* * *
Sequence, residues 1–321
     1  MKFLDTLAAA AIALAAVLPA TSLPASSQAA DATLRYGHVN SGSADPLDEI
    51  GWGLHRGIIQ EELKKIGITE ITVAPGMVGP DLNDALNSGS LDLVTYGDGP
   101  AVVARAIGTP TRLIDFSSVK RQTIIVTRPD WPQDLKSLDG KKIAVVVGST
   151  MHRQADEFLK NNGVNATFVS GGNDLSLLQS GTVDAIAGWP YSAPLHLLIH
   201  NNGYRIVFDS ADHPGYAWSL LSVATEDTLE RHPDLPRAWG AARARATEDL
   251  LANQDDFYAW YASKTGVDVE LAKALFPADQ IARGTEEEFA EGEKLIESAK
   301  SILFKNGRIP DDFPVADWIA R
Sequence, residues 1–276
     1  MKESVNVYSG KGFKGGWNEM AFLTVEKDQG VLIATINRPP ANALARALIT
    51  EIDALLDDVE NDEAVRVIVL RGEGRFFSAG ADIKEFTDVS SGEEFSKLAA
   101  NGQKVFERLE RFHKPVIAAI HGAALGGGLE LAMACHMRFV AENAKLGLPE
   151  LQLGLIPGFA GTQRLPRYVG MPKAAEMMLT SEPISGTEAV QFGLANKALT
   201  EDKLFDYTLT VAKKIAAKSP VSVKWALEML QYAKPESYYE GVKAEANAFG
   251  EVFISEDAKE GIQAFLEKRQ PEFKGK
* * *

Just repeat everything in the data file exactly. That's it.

Sequence, residues 1–321
     1  MKFLDTLAAA AIALAAVLPA TSLPASSQAA DATLRYGHVN SGSADPLDEI
    51  GWGLHRGIIQ EELKKIGITE ITVAPGMVGP DLNDALNSGS LDLVTYGDGP
   101  AVVARAIGTP TRLIDFSSVK RQTIIVTRPD WPQDLKSLDG KKIAVVVGST
   151  MHRQADEFLK NNGVNATFVS GGNDLSLLQS GTVDAIAGWP YSAPLHLLIH
   201  NNGYRIVFDS ADHPGYAWSL LSVATEDTLE RHPDLPRAWG AARARATEDL
   251  LANQDDFYAW YASKTGVDVE LAKALFPADQ IARGTEEEFA EGEKLIESAK
   301  SILFKNGRIP DDFPVADWIA R
Sequence, residues 1–276
     1  MKESVNVYSG KGFKGGWNEM AFLTVEKDQG VLIATINRPP ANALARALIT
    51  EIDALLDDVE NDEAVRVIVL RGEGRFFSAG ADIKEFTDVS SGEEFSKLAA
   101  NGQKVFERLE RFHKPVIAAI HGAALGGGLE LAMACHMRFV AENAKLGLPE
   151  LQLGLIPGFA GTQRLPRYVG MPKAAEMMLT SEPISGTEAV QFGLANKALT
   201  EDKLFDYTLT VAKKIAAKSP VSVKWALEML QYAKPESYYE GVKAEANAFG
   251  EVFISEDAKE GIQAFLEKRQ PEFKGK